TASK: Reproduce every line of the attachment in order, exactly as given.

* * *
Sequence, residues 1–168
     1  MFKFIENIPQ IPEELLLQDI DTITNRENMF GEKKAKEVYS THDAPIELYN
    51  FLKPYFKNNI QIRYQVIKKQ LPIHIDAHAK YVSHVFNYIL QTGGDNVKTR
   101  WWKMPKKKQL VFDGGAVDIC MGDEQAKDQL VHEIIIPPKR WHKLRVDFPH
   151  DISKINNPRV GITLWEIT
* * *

Sequence, residues 1–168
     1  MFKFIENIPQ IPEELLLQDI DTITNRENMF GEKKAKEVYS THDAPIELYN
    51  FLKPYFKNNI QIRYQVIKKQ LPIHIDAHAK YVSHVFNYIL QTGGDNVKTR
   101  WWKMPKKKQL VFDGGAVDIC MGDEQAKDQL VHEIIIPPKR WHKLRVDFPH
   151  DISKINNPRV GITLWEIT